Reston, Va., July 6, 2009
– The Brick Industry Association (BIA) announced the recipients of its 2009 Brick in Architecture Awards, which honor innovative use of clay brick in eight categories: commercial, educational, health care facilities, houses of worship, multi-family residential, municipal/government, paving and landscape architecture, and single family residential applications. Four renowned architects from around the country independently reviewed and scored each entry.
Winning projects will be recognized nationally through publication in a special issue of Brick In Architecture, which will be included as an insert in the November issue of Architectural Record. Winners will receive a Brick In Architecture Awards plaque commemorating their participation in the 2009 awards program and all competition participants will have their work featured in BIA’s Brick Gallery at www.gobrick.com
“The rich quality of responses made it difficult for the judges to pick winners in each category,” said Dick Jennison, President & CEO of BIA. “We received almost 200 entries this year, and in the end, eight outstanding projects were chosen as the best in their field because the jury believed they best demonstrated clay brick’s performance benefits, aesthetic appeal, and versatility.”
2009 Brick In Architecture Awards Best-In-Class Winners:
photographer: Robert Miller — © Robert Miller
Project: Westin Alexandria, Alexandria Va.
Architect: Cooper Carry, Inc.
Builder: Balfour Beatty Construction
Manufacturer: Taylor Clay Products, Inc.
Distributor: Potomac Valley Brick & Supply Company
Mason Contractor: United Masonry Incorporated
The new Westin Alexandria exists within a massive planned urban development that is in close proximity to a historic section of town. Located two blocks from a metro station and surrounded by a continuous streetscape and buildings of similarly ambitious scale, the project site is unmistakably urban in character. Other buildings in the area have made extensive use of brick, so it was only natural for the design team to select brick as the major exterior cladding material. This building is designed to have a modern feel, while acknowledging the influence of nearby historic buildings. The capacity of brick to provide both the familiar, human-scale of the module, and the crisp solidity one would expect to find in a contemporary design, made it a logical choice. As a result, the building projects a look of permanence and authenticity in a vibrant part of town.
photographer: Robert Benson Photography
© Robert Benson Photography
Project: Mount Holyoke College Residence Hall, South Hadley MA
Architect: The S/L/A/M Collaborative
Builder: Barr & Barr
Manufacturer: Glen-Gery Corporation
Distributor: Spaulding Brick Company, Inc.
Mason Contractor: Chabot & Burnett Construction Co, Inc.
The new residence hall at Mount Holyoke College not only pays homage to the aesthetic spirit and quality of the College’s original buildings, but it also incorporates some of the most modern amenities and building practices available today. By having 20% of building materials manufactured locally, such as the clay brick, the residence hall was awarded a Gold LEED ™ certification from the U.S. Green Building Council - making it the “greenest” building on campus. The facility is an evolution of the Mount Holyoke tradition of shared public spaces, designed at a residential scale, complemented by appropriate materials that foster a sense of familiarity and community. It was of utmost importance to the entire college community that the new residence hall reflects and enhances the traditional neoclassical architecture of the original campus. At the same time, the building infuses 21st century sensibility and technology – resulting in a building that is 45% more energy efficient than is required by the Massachusetts building code. The building exterior is highly articulated, through window placement and multiple roof lines, reflecting the variety and diversity of the program. The brick façade played an important role serving as a cohesive backdrop and tying together the building form.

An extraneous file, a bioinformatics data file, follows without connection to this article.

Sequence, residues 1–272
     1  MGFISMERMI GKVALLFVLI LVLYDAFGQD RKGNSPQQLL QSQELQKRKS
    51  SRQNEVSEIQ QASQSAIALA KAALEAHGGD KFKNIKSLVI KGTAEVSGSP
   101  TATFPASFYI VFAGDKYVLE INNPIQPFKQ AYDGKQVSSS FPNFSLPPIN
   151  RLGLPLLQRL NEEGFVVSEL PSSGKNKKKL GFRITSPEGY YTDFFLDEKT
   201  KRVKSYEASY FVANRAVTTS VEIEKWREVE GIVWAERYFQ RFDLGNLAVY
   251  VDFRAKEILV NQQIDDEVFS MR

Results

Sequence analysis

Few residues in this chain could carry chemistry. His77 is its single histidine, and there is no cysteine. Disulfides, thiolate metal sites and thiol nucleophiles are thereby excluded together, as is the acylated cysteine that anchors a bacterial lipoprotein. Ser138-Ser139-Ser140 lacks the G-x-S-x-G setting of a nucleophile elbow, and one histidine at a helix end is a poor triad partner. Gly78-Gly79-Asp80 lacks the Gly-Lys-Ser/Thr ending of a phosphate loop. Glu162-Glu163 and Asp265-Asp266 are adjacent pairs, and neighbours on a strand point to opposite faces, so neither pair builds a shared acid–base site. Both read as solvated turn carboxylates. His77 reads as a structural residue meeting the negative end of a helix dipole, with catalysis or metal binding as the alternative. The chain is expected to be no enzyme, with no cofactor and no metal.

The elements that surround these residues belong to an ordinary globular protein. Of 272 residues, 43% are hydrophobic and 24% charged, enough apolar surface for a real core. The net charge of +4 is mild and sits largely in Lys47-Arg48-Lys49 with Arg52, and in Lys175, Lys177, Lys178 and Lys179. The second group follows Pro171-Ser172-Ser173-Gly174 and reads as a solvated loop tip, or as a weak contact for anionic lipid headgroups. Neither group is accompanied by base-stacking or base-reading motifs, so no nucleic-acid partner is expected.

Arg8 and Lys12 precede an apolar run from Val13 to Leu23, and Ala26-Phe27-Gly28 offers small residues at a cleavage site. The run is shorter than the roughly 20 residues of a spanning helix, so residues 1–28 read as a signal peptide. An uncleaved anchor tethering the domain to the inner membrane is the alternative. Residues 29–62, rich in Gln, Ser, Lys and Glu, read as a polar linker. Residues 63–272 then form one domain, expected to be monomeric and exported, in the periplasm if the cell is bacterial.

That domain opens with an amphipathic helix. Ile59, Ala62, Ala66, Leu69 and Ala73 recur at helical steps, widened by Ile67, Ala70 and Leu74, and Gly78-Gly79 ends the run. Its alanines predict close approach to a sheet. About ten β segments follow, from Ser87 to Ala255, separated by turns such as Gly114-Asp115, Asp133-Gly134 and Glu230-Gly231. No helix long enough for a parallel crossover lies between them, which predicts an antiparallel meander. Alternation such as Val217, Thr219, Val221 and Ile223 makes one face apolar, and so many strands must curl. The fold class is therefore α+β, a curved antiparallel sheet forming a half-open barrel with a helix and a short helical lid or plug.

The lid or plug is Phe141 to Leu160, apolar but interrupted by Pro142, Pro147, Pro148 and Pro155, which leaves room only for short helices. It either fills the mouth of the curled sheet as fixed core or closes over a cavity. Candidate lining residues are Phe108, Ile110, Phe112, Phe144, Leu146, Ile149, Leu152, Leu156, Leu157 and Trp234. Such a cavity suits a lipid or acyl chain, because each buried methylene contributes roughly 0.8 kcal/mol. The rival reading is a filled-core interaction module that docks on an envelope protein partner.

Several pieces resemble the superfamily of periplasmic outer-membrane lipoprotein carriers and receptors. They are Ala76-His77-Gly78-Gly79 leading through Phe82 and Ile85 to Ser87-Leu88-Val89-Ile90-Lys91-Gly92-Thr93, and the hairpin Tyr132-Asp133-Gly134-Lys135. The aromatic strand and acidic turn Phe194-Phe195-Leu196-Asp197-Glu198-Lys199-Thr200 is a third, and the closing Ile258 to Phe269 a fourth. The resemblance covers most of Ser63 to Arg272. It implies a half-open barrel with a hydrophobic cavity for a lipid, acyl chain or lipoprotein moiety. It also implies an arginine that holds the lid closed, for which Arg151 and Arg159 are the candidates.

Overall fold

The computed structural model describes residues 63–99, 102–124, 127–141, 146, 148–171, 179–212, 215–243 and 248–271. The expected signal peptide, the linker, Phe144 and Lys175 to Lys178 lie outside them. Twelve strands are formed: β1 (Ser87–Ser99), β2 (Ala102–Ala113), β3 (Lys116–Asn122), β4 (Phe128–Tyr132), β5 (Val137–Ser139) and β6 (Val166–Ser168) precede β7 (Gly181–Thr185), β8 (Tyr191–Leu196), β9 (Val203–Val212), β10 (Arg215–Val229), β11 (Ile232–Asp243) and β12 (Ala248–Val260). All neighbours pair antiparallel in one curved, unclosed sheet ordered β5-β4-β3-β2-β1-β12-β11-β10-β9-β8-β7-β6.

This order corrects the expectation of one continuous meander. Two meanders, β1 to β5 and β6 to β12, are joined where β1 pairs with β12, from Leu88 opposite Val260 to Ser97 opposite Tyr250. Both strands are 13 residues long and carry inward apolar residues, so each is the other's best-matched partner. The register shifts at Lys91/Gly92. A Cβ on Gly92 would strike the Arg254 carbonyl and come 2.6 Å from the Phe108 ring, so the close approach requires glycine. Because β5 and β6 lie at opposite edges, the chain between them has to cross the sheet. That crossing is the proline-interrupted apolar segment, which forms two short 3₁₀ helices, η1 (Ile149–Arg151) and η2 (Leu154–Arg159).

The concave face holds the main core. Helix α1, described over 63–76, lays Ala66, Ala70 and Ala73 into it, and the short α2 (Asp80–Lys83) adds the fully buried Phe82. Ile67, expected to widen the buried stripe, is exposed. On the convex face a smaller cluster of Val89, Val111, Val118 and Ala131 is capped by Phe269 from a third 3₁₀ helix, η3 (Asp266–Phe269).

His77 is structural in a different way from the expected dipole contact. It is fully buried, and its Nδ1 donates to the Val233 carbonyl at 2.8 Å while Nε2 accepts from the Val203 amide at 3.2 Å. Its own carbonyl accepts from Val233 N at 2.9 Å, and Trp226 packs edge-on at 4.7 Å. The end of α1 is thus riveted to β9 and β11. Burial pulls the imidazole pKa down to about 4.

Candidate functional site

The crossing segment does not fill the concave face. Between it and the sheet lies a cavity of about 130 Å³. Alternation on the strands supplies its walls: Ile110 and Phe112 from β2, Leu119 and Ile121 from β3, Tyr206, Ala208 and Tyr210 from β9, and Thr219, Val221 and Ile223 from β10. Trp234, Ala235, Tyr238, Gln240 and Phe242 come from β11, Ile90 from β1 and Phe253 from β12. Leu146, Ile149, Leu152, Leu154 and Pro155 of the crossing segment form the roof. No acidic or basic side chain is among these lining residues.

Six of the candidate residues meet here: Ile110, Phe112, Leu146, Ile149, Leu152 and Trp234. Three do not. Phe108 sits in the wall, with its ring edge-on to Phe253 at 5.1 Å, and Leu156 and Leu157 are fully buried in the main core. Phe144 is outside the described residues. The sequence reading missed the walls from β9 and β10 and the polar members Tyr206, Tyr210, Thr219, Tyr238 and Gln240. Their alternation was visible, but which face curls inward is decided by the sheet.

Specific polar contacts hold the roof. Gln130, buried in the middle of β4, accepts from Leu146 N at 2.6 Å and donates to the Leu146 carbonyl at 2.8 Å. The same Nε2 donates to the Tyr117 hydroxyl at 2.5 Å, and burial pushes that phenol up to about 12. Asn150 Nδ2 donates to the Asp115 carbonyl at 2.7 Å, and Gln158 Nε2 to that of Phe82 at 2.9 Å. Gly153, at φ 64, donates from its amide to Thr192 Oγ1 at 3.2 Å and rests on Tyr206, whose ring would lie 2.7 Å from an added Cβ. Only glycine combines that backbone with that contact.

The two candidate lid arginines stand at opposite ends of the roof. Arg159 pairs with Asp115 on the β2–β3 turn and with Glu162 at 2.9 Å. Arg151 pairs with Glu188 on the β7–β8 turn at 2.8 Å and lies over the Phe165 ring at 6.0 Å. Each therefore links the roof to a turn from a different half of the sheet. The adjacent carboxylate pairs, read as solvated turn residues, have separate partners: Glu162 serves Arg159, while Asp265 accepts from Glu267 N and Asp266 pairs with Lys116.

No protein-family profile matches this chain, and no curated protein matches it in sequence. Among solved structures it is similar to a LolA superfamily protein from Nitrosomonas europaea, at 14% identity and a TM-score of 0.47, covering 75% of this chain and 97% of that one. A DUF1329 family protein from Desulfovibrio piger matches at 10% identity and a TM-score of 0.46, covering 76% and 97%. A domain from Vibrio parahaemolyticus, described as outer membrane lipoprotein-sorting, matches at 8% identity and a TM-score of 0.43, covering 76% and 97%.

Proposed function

Health Care Facilities Category
photographer: Daniel Cunningham
© Daniel Cunningham
Project: The Institute for Genomic Research, Rockville MD
Architect: Leo A. Daly
Manufacturer: The Belden Brick Company
Distributor: Potomac Valley Brick and Supply Company
Mason Contractor: Manganaro Mid-Atlantic
The Institute for Genomic Research is new biomedical research facility that challenged the architects to create a cohesive campus atmosphere by adding to an existing medical campus. Inspiration for the overall design of the Institute for Genomic Research came from the owners’ admiration for Frank Lloyd Wright’s architectural style, which can be seen on other surrounding buildings. Due to the project’s emphasis on durability and sense of permanence, clay brick, and clay pavers, were the obvious product choices to fulfill the building’s highly technical and functional requirements. The resulting four-story 122,000-SF Pathogen Functional Resource Center houses two laboratories, research and administrative offices and support areas.
Houses of Worship Category
photographer: Maurice Jennings Architect
© Maurice Jennings
Project: Julia Thompson Smith Chapel at Agnes Scott College, Decatur GA
Architect: Maurice Jennings Architect
Landscape Architect: CRJA
Builder: Brasfield & Gorrie
Manufacturer: Triangle Brick Company
Distributor: North Georgia Brick Company, Inc.
Mason Contractor: B&M Masonry
The Julia Thompson Smith Chapel is the spiritual center of Agnes Scott College and affirms the importance of faith in this Christian-based community of higher learning. Upholding the principles of organic architecture championed by Frank Lloyd Wright, the chapel relates to the established architectural vernacular of the campus and surroundings. The chapel picks up on the brick and stone language of the campus, but expresses itself distinctly in a form that is understood as a chapel. The brick bays in the chapel frame views to the surrounding gardens while creating a barrier between the chapel and the busy campus. Load-bearing, double-wythe walls create the bents, keeping them thin and allowing open views to the side. The chapel also incorporates sustainable design principles by using durable materials, such as clay brick, to reduce waste during the building’s life cycle by minimizing the need for maintenance and/or replacement.
photographer: Matheny Goldmon Architects, AIA, LLC
Project: Fire Station #1 / West Police Precinct, Huntsville AL